Bulgaria Faces Days Of Strikes And Disruptions

Bulgarian trains could come to a standstill in the next days

Bulgarian trains could come to a standstill in the next days (www.jb-photography.org)

Sofia, 22 Nov 2011: Workers of the state-owned Bulgarian railway company BDZ are starting an unlimited strike on Thursday, farmers and healthcare employees follow next week.

(All Images Copyright Johann Brandstatter, JB Photography)

The management of the Bulgaria’s largest employer, unable to deal with a debt of 772 million Leva (€ 395 million), was planning to slash 3,000 jobs out of 13,000. The new CEO of BDZ, Yordan Nedev even talked about firing 5,000 people, but without tackling the real problems of the Bulgarian Railways – mismanagement, corruption, incompetence and nepotism – not even that would get the company back on track (see our article “The End Of The Line For Bulgaria’s State Railways?”)

However, all the talk about cutting thousands of jobs at BDZ finally woke the employees out of their usual lethargy and the strike – announced three weeks ago – will start the day after tomorrow at 8 a.m. From then until 4 p.m. about 150 trains will be affected by the walkout, which will cause widespread disruptions.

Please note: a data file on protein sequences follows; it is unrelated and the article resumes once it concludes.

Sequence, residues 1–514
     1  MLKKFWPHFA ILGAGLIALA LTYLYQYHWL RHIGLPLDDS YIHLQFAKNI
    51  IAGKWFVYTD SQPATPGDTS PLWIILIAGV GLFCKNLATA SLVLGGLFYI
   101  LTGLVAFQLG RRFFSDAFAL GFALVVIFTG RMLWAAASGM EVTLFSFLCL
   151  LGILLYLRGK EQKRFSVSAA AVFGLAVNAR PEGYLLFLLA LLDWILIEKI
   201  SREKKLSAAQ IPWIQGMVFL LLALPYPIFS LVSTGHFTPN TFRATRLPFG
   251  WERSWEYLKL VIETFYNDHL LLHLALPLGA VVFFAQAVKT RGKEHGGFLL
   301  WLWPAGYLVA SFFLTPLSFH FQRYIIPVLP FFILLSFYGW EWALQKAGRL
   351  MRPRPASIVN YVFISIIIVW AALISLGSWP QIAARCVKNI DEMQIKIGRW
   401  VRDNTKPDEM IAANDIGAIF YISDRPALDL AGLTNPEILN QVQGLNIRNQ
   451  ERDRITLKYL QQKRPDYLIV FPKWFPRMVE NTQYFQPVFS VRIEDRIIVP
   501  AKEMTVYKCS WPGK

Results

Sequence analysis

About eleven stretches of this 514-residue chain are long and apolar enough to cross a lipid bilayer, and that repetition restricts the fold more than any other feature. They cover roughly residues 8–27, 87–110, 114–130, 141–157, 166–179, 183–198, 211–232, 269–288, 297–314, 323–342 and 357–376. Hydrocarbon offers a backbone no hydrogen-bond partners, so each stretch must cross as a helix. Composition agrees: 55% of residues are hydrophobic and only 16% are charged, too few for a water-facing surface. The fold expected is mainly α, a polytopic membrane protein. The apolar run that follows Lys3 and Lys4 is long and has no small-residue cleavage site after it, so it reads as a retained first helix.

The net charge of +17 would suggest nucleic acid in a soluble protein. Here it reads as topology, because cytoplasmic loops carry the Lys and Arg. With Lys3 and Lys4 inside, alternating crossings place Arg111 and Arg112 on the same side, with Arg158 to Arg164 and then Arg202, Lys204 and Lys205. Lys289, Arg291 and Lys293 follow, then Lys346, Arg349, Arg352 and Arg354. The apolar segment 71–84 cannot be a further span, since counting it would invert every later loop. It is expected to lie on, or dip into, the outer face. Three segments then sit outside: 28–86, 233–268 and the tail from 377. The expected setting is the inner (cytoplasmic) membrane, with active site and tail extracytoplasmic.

Rotting carriages near Sofia Central station

Rotting carriages near Sofia Central station (www.jb-photography.org)

Health care workers will support the action by driving by at railway stations with their horns blaring, they will go on strike themselves on 30 November, backed by the two largest trade unions in Bulgaria. Farm workers are planning road blocks on Monday, 28 November, to show their disagreement over plans to raise the retirement age.

Negotiations with the government were unsuccessful so far, so it is expected that the unions will go ahead with their actions. Prime Minister Boyko Borisov has threatened to sack labor minister Totyu Mladenov, should he fail to reach an agreement with the trade unions, but that would not solve anything.

If the last-minute attempts to avoid the industrial action by BDZ employees do not result in a compromise both sides can live with, then train wheels might come to a standstill for some time in Bulgaria.

(Sources: Middle East & Balkans News own research, Standard News; 22 Nov 2011)


About Johann Brandstätter

Photojournalist and documentary photographer based in Bulgaria, working mainly in the Balkans and the Middle East. Conflicts & crises, social and environmental issues, defense & military, travel, transportation.
Gallery | This entry was posted in Balkans, Bulgaria and tagged , , , , , . Bookmark the permalink.